More air-quality testing planned at Edison High after mounting concerns about nearby defunct landfill

The dark blue dots show where Forensic Analytical Consulting Services collected indoor air samples at Edison High School in Huntington Beach. The light blue dots show where outdoor air samples were collected at the campus.
(Courtesy of Huntington Beach Union High School District)

More air-quality testing is planned in coming months at Edison High School in Huntington Beach after mounting concerns from parents that students are being exposed to dust and odors from the nearby defunct Ascon landfill.

“The school is planning a proactive approach to do additional monitoring for variables we might see in work schedules, seasonal changes, environmental changes and what have you,” said Megan Canright, director of scientific operations for Forensic Analytical Consulting Services. The Huntington Beach Union High School District retained the Compton-based environmental consulting agency last month to conduct air-quality testing and help determine whether summer school classes and activities could proceed as normal at Edison High.

New details in a 43-page assessment report of that testing reaffirmed the district’s assurances to parents that the air at Edison is safe. The report is posted on the district’s website.

FACS collected air samples from four indoor and 11 outdoor locations periodically between 11:30 a.m. and 7:30 p.m. June 14, almost a week after Ascon notified city and school officials that it would shut down work on a cleanup of the former landfill for the rest of the school year. Edison’s last day in regular session was June 13; summer school began June 18.


Remediation work on the 38-acre site at Hamilton Avenue and Magnolia Street was suspended indefinitely when the state Department of Toxic Substances Control implemented 10 safety enhancements following increasing complaints from residents. Project Navigator, an environmental consultant overseeing the daily activity at Ascon, must meet those requirements before it can resume the cleanup.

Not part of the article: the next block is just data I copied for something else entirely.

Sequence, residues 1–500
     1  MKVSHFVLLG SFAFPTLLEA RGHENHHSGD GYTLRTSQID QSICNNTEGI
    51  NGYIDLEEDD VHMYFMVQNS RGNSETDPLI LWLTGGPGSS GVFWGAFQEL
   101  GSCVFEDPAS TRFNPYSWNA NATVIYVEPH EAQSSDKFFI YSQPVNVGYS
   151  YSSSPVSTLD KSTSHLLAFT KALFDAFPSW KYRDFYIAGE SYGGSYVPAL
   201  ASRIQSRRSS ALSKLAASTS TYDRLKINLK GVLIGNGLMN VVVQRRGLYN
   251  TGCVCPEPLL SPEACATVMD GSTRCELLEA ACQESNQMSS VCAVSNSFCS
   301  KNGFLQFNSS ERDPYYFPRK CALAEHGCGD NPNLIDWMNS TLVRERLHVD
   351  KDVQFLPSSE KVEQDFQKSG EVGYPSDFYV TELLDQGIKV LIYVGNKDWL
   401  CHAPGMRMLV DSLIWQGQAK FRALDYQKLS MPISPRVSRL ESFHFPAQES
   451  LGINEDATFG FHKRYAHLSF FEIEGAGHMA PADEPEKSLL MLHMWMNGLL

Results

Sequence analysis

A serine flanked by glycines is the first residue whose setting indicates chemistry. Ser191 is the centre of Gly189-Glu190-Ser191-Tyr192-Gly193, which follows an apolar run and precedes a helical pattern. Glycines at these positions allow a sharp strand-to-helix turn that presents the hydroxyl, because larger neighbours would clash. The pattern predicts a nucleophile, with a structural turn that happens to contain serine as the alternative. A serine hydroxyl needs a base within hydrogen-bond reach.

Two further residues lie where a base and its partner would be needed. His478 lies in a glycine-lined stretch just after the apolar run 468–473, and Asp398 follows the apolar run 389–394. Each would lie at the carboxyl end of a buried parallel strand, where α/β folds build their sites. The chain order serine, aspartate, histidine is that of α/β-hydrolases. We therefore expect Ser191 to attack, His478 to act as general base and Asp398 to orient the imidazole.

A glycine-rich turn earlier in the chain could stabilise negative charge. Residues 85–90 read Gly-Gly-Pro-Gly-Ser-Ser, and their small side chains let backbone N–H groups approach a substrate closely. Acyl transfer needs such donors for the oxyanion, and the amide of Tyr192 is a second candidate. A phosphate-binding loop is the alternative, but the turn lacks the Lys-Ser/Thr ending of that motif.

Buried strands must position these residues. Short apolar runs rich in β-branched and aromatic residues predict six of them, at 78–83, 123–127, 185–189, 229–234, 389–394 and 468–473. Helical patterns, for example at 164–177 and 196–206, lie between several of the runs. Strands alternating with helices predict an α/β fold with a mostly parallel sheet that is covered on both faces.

The cleanup at the site — which served as a waste disposal facility from about 1938 to 1984 — is expected to continue through 2020.

An aerial image taken May 28 shows the former 38-acre Ascon landfill at the southwest corner of Hamilton Avenue and Magnolia Street in Huntington Beach. Nearby residents have complained about dust and odors in connection with a cleanup at the site.
(File Photo / Los Angeles Times)

FACS collected samples from classrooms and outdoor locations, both upwind and downwind of the landfill, with supervision from a professional geologist and certified industrial hygienist, according to the report.


Samples were submitted for laboratory analysis on the same day and screened for volatile organic compounds and gases typically affiliated with landfills. The results did not show a danger to health and safety at Edison, nor did samples reflect impacts from the landfill, according to the report.

“[Volatile organic compounds] are in the atmosphere indoors and outdoors, but those are just part of everyday life,” Canright said.

Methylene chloride, a compound potentially associated with the landfill, was the only one in the report — recorded in one of the indoor samples — at “slightly above the established background concentrations in residential homes.” However, FACS said the compound could have come from ongoing construction near Classroom 319 because it wasn’t detected in the upwind or downwind samples.

Canright said air testing will continue throughout the year to include when work resumes at the former landfill. She said FACS also will recommended that the district continue testing, and include dust monitoring, to set “baseline data” in warmer and colder months.

District spokeswoman Cheryl McKenzie did not immediately respond to a request for comment Monday.

Ascon spokeswoman Mary Urashima said in an email that the data shared by Huntington Beach Union confirms the area’s air quality.

Though the cleanup is suspended, Ascon said officials are continuing to secure the site and monitor the air and are preparing to install a 16-foot-tall barrier along Hamilton and Magnolia, subject to permit approval from the city.

Officials also are using new products such as Posi-Shell — a blend of clay binders, fibers and polymers that creates a thin layer of stucco when mixed with water — to seal some of the site’s excavated areas as an additional measure against potential odors and dust, Urashima said. People may notice a different color in the sealed areas, she added.


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This article was originally published at 3:05 p.m. July 8 and was later updated with additional information.